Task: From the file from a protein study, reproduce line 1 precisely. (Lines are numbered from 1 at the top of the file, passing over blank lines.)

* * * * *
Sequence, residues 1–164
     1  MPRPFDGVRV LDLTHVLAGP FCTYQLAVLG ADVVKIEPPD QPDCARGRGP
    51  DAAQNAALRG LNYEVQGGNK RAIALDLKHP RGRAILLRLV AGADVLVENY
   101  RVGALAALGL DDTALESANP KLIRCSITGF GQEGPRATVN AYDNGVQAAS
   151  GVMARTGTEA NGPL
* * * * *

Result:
Sequence, residues 1–164